All of this ultimately creates post-market safety for patients and, moreover, the possibility of personalized patient communication, which is becoming increasingly important.
Personalized patient communication
In the future, due to the wealth of available data, algorithms will be able to help physicians create individualized risk profiles and personalized treatment plans. This can significantly improve the effectiveness of treatment.
At the same time, communication itself can also take place digitally.
Telemedicine applications range from remote consultation to remote monitoring of patients. People in rural areas, for example, can benefit enormously from this.
Delivering the right medicines to remote locations is another supply chain challenge that digitalization can address.
This is where the aforementioned paths intersect with the supply chain.
Digital supply chains and warehousing
Overall, the pharmaceutical industry has complex supply chains that require precise coordination. A digital twin, for example, can help track and optimize the flow of drugs and raw materials. By integrating data from multiple sources along the supply chain, the digital twin can identify bottlenecks, delays and potential risks. This enables improved planning and more efficient inventory management.
Or, by using track-and-trace technologies, companies can follow the path of a drug from manufacturer to patient. This enables contactless and seamless traceability and protection against drug counterfeiting, for example, through RFID (radio frequency identification) technology. In addition, the use of real-time data enables optimized inventory management and better forecasting of demand to avoid bottlenecks.
Many companies are already investing in supply chain optimization.
So it is important for policymakers to ensure these digital achievements also apply to patient contact.
The future of patient care and research through electronic patient records (ePA)
The electronic prescription is to be made available by the beginning of 2024 in Germany and the ePA is to become mandatory by the end of 2024. Data will remain under the control of patients, who will be able to consent to who gets access.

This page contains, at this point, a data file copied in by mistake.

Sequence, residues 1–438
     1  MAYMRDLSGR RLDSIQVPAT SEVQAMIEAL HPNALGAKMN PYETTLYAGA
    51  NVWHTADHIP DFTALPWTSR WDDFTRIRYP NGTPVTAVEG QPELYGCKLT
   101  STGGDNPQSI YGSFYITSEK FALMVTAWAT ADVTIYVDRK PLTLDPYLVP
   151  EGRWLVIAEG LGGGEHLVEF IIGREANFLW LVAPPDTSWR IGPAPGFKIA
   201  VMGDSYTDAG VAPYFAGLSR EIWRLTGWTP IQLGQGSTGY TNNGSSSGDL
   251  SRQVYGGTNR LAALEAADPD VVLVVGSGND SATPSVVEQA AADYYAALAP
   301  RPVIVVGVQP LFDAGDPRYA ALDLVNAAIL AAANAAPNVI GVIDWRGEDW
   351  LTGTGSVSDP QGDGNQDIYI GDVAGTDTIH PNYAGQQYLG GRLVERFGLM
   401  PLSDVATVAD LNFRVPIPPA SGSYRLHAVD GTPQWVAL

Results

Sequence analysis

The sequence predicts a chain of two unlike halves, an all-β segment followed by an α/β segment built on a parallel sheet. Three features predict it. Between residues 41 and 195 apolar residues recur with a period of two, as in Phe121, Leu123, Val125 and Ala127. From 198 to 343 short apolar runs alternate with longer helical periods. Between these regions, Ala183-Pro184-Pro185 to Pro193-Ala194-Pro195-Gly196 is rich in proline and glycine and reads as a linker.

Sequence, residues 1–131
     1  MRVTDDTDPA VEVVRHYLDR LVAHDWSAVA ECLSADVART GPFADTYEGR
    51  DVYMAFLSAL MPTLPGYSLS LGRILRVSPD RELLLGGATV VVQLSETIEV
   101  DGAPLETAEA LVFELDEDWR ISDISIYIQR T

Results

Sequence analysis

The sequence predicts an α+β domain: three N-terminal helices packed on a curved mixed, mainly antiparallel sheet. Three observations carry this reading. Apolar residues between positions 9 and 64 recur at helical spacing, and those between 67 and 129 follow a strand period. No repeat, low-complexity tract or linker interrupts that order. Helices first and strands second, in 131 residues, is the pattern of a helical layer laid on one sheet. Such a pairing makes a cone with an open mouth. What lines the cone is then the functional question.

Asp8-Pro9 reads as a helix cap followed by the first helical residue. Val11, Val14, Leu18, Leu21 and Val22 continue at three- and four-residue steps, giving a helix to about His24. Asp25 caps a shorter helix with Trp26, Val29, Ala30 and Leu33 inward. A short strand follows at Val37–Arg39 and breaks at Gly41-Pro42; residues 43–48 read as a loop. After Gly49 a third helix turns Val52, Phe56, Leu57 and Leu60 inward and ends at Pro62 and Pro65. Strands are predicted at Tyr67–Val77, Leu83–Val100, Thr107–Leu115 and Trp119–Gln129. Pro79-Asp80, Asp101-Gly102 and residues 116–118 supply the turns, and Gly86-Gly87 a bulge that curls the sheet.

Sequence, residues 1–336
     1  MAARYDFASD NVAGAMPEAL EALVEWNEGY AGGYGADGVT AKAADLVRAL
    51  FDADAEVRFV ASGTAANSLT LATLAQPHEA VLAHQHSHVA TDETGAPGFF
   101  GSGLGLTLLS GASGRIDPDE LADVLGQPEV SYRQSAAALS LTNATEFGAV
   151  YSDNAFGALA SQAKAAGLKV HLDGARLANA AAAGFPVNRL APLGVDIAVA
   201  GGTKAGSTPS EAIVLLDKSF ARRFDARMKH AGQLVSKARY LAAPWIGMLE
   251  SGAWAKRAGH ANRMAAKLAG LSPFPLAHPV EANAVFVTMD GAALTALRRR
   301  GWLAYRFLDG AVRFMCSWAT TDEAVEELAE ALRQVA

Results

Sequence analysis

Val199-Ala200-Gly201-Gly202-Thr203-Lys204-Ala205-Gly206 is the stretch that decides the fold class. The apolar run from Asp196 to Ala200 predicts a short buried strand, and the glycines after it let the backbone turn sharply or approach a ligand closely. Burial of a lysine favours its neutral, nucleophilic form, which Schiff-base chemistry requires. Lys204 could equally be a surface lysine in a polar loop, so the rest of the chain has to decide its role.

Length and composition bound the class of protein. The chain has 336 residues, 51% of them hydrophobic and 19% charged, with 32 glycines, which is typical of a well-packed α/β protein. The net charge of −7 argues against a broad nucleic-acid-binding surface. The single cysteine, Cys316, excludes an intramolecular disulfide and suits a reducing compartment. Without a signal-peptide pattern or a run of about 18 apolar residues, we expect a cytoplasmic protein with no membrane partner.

Of course, data privacy concerns must be taken seriously, and the Health Research Data Center has been introduced as a neutral body to release pseudonymized health insurance data for research upon request with the Health Data Use Act (GDNG).
With this and the ePA, Germany is slowly joining the leading European countries and also the plans of the European Union. This is because the Data Governance Act (DGA) came into force in 2022 and will apply in every European country in the fall of 2023. This means that data exchange can be simplified internationally.
If - also internationally - data from medical records and disease histories can be used in bundled form, this will offer unique opportunities for research and personalized healthcare.
To date, only 1% of those with statutory health insurance in Germany use electronic patient records (ePA). Skepticism must be dispelled to remain competitive.
Israel's healthcare organization Maccabi, for example, has been relying for years on an algorithm-driven database that pools all the disease data of the Israeli population. With Big Data, artificial intelligence and connectivity, this makes it possible to individually predict a risk of colorectal cancer, for example. Israel has also been collecting a huge pool of data with it since as early as 2019. Germany will offer a major advance for the pharmaceutical industry with the optional use of data from the ""ePA for all" from 2024.
Outlook for Pharma 4.0
These six paths to digitalization are just a few examples of how medicines will be manufactured, prescribed and distributed in the future. The pharmaceutical industry is already undergoing a fundamental transformation that will ultimately help improve patient care.
Major challenges remain the protection of sensitive data of treated persons, the security of the digital infrastructure and, time and again, the shortage of skilled workers. For this, it is important to offer training and to ensure that employees are up to date and retained in the company or the industry.
Finally, sustainability must also be taken into account. After all, with the shortage of raw materials, the pharmaceutical industry will have to become independent of fossil fuels. In addition, the chemical and pharmaceutical industry has made a voluntary commitment to become climate-neutral by 2050, according to the German Chemical Industry Association.
But here, too, digitalization can support the processes and thus forms a good outlook for the future of the pharmaceutical industry.